Votto Garners NL Aaron Award


During a pregame ceremony last evening, the Cincinnati Reds Joey Votto received the Hank Aaron Award. The award is presented annually to the best offensive player in each league. Toronto’s Jose Bautista was the AL recipient.

With this honor comes an omen for Votto, a possibly good one at that.

With Votto receiving the Aaron, it could almost guarantee him the NL MVP. How’s that? There’s an excellent opinion on that from Troy Renck from the Denver Post.

"Cincinnati’s Joey Votto received the Aaron prize Sunday, selected by a small committee of Hall of Famers and a large throng of online fans. As Votto stood at the dais smiling, it drove home a point that will be proved in a few weeks: The press likes Votto, players love CarGo……Truth is, writers break down the numbers. And in an era when every number is retrievable through a search engine, it is much easier to assess a player’s value. What undermines Gonzalez, more than anything else, are his home-road splits. He finished with 34 home runs and 117 RBIs, with 26 and 76 at Coors Field.That invites bias against him. It doesn’t help that Votto had better numbers on the road (19, 57) than at Great American Ballpark (18, 56)."

While Renck may seem like he’s backing his “guy” Carlos Gonzalez for the Aaron, he’s is in favor of Votto winning the NL MVP based off one primary thing.

"Truthfully, I think CarGo deserved the Aaron award over Votto. It rewards the best offensive season. It’s about individual performance, and Gonzalez was better. That said, Votto is more worthy of the NL MVP because it is a reflection of the team’s record. The Reds made the playoffs. They did nothing once there, but they made it. The Rockies didn’t.That will be reflected on the BBWAA ballots."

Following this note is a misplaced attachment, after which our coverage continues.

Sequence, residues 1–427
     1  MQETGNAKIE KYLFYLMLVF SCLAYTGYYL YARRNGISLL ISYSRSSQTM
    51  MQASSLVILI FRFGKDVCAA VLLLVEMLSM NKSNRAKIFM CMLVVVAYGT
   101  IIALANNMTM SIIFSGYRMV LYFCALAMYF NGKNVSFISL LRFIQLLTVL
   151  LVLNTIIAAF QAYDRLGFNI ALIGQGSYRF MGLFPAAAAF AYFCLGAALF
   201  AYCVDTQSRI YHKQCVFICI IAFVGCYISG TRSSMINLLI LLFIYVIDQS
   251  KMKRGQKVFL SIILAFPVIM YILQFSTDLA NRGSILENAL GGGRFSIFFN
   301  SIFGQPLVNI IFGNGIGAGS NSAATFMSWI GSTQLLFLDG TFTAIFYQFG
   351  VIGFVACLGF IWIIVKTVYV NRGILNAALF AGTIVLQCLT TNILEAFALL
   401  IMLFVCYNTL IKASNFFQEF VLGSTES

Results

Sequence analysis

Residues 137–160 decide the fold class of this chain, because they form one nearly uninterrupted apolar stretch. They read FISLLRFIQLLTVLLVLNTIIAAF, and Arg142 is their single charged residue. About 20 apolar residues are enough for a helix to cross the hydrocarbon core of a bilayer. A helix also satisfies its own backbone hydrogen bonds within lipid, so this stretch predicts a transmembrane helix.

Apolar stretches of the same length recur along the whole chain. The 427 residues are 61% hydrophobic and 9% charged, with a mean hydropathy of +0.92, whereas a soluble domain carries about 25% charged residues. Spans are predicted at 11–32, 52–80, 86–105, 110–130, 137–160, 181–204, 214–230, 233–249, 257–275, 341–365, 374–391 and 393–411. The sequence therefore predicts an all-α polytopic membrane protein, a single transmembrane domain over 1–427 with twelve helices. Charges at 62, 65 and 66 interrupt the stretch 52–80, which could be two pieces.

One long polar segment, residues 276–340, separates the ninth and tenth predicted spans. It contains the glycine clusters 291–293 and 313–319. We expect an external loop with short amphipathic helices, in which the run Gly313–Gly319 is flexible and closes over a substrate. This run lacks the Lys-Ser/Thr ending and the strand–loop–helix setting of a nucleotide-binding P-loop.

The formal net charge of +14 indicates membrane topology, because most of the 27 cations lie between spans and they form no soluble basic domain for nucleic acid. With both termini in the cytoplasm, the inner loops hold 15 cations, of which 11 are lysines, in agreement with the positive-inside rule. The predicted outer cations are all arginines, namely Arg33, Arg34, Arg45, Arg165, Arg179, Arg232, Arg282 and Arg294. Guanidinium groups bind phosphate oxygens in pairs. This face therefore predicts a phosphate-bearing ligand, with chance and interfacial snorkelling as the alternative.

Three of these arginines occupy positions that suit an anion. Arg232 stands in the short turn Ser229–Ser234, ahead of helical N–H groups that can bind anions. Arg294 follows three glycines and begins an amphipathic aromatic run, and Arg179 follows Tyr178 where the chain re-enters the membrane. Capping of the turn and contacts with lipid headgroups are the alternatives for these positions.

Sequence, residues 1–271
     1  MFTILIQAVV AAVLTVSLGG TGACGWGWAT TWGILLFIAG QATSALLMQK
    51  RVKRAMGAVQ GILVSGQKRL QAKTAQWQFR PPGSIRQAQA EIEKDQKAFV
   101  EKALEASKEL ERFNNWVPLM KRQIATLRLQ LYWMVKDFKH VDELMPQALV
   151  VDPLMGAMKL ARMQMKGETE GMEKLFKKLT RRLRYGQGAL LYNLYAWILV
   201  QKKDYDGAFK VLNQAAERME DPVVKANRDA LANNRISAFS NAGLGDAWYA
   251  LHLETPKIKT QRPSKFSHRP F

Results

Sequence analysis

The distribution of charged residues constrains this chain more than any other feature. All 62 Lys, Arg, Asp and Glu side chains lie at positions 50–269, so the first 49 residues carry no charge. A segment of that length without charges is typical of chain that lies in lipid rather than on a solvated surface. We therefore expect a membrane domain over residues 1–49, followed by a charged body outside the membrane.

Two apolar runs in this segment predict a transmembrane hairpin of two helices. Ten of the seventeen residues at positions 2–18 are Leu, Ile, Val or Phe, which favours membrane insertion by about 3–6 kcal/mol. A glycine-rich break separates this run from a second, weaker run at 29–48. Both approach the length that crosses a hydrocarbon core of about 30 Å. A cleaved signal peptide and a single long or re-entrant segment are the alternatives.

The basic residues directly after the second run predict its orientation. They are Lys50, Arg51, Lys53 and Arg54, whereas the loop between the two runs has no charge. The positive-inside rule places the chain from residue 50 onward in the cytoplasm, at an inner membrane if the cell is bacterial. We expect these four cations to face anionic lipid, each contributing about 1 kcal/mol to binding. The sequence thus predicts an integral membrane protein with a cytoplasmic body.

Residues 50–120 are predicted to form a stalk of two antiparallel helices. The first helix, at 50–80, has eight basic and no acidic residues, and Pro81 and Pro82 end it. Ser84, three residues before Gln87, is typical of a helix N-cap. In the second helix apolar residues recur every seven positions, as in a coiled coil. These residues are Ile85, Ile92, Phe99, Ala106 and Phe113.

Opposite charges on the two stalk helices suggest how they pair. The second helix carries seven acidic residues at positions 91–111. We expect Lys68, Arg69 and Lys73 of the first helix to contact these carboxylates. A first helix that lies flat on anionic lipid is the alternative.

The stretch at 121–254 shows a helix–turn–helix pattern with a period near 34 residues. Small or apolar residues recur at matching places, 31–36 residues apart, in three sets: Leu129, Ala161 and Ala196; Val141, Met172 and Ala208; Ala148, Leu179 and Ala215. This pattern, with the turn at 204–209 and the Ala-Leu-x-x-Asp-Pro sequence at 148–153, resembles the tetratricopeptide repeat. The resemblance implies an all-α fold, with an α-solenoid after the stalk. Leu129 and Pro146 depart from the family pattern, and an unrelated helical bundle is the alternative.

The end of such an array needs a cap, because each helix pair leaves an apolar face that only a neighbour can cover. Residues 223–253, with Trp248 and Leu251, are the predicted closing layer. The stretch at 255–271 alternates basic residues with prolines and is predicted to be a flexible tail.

I’m not in total agreement on CarGo winning the Aaron. I’m not going to pull the old home-road splits either. They speak for themselves, but I will use stats.

In the three main numbers (average, HR and RBI), CarGo did top Votto in two of those (average and RBI). In those categories, Votto was second. CarGo also scored more runs and stole more bases. Votto hit more homers. But Votto also drew over twice as many walks upping his on-base percentage to almost 50 points higher (.424 to .376) than CarGo. Votto was slightly ahead in slugging (.600 to .598). Add this one. Votto was one of two players (count ’em, two) in the NL to post an OPS over 1.000 with a 1.024. The only other player to do so was Albert Pujols (1.011). Gonzalez had an OPS of .974. One other stat, CarGo had 40 more at-bats. He stills wins the batting crown over Votto, but would he have had more RBI if the ABs were equal? Oh, it can go the other way, too. We’ll never really know.

I got Votto’s back. I’m sure all Reds fans do, too.